Government-run super fund a ‘dud’ idea

Industry Super Australia (ISA) thinks a proposed government-run super fund would be rife for pork-barrelling and will “dud” workers out of thousands of dollars.

Its modelling showed that a 30-year-old worker in such a government-run fund would pay exorbitant fees, earn lower investment returns and end up $126,000 worse off at retirement compared with being in a top-performing industry fund.

“This plan would funnel millions of Australian workers into an expensive and poor performing government-controlled super fund – all so politicians can get their hands on people’s money,” ISA chief executive, Bernie Dean, said.

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Earlier this year, Liberal senator Andrew Bragg reignited the national fund debate when he said the Government should “take its responsibilities more seriously” by making the Future Fund the default fund.

If the government-run fund was to go ahead, new workers would be entered into it by default unless they opted to join a different fund.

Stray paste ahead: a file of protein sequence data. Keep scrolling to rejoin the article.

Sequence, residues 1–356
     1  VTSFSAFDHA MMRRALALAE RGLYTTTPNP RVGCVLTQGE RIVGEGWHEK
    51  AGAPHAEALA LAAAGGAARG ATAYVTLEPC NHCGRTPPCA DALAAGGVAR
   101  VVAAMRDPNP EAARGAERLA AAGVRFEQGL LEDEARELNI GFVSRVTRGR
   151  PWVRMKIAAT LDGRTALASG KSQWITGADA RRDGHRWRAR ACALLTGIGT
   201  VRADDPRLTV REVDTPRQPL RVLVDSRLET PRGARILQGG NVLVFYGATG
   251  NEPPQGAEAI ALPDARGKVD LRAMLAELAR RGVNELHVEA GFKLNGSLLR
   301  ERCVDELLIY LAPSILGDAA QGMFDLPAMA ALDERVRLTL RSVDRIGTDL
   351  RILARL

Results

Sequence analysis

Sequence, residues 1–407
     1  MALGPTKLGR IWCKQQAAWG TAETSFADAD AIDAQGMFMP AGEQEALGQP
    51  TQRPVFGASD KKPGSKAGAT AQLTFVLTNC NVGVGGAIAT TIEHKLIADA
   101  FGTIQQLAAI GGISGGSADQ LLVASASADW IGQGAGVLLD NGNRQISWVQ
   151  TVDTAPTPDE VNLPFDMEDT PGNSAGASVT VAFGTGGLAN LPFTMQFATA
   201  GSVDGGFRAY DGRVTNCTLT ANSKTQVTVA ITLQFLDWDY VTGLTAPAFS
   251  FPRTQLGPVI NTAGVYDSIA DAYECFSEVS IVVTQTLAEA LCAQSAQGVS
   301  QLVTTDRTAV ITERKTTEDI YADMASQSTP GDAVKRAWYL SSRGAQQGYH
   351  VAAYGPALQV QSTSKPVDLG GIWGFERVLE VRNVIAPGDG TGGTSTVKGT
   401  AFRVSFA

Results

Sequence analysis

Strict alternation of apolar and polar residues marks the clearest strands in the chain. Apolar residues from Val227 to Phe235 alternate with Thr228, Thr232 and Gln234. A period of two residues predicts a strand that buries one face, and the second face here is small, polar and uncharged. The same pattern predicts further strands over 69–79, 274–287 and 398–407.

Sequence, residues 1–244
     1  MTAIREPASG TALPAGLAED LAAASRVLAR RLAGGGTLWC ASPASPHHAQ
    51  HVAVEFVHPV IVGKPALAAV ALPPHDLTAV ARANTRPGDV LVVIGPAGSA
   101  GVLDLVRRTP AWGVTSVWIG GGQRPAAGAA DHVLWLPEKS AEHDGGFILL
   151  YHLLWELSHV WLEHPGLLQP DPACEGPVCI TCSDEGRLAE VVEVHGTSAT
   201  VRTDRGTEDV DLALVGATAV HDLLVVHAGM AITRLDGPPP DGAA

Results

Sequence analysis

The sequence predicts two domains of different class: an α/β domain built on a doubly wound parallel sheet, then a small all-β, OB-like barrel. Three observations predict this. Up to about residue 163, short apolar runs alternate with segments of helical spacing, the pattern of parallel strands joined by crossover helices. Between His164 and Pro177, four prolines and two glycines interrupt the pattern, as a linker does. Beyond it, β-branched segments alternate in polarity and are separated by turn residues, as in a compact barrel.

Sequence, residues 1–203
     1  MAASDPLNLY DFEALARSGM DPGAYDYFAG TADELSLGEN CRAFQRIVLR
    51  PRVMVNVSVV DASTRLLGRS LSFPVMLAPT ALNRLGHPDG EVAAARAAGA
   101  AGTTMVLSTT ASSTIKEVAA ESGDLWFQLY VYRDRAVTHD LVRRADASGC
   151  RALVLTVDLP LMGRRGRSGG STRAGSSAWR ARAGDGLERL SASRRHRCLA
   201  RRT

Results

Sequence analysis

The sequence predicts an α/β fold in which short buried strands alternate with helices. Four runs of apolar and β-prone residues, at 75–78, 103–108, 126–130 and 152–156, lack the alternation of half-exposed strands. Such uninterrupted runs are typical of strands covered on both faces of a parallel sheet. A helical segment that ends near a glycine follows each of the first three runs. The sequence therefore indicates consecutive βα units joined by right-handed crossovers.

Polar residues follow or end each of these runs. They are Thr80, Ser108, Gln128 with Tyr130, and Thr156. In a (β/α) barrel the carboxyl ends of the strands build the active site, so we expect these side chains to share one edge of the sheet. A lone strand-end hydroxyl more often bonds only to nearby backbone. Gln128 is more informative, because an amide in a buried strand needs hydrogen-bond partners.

ISA said their modelling reinforced earlier evidence from the Productivity Commission (PC) that a government-run super fund would be prone to political interference and riddled with conflicts of interest.

“With almost unchecked power to spend workers’ savings, [the Government] could find it hard to resist ladling out money for pork barrels in marginal seats, all for the purpose of chasing votes rather than good investment returns,” ISA said.

According to ISA, political ideology could also trump the financial interest of members especially when a government makes itself the investment officer, trustee, owner, regulator and supervisor.  

The ISA supported the PC’s earlier research which found internationally government-run super funds invested conservatively as few governments could withstand the political risk of negative returns during market downturns, leading to less money at retirement and more pressure on the Aged Pension.

“And if the government-fund delivered lousy investment returns the taxpayer would be expected to bail it out – which combined with the higher pensions costs is a recipe for higher taxes,” ISA said.




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